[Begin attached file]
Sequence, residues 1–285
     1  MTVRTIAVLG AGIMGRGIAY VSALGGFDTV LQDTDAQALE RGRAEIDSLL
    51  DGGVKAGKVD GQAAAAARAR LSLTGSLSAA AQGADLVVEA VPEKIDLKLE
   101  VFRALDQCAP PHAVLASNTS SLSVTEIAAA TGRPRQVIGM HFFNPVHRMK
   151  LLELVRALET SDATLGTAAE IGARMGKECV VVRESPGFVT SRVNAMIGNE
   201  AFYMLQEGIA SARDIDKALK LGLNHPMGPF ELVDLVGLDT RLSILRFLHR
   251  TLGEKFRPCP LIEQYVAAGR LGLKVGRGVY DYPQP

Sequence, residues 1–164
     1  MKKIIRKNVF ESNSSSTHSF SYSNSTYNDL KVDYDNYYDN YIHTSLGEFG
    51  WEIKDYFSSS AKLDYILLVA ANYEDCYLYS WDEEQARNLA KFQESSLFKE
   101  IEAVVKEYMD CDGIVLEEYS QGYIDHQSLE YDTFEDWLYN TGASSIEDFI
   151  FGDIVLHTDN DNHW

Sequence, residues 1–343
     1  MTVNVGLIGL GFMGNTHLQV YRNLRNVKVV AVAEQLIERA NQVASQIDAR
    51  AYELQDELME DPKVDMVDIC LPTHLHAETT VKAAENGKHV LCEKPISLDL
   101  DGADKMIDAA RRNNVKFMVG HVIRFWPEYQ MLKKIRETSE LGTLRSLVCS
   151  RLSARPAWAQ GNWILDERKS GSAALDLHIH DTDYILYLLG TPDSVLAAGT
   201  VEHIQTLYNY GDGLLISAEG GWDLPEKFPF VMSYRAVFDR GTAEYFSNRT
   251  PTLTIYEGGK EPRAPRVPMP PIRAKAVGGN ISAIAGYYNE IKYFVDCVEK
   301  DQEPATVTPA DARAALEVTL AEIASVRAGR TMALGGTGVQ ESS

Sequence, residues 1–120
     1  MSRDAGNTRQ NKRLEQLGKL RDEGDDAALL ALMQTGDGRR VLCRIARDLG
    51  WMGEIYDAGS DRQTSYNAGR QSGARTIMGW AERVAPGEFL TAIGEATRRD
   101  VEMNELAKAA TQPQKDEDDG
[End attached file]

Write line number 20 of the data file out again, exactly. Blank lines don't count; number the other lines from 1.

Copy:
   301  DQEPATVTPA DARAALEVTL AEIASVRAGR TMALGGTGVQ ESS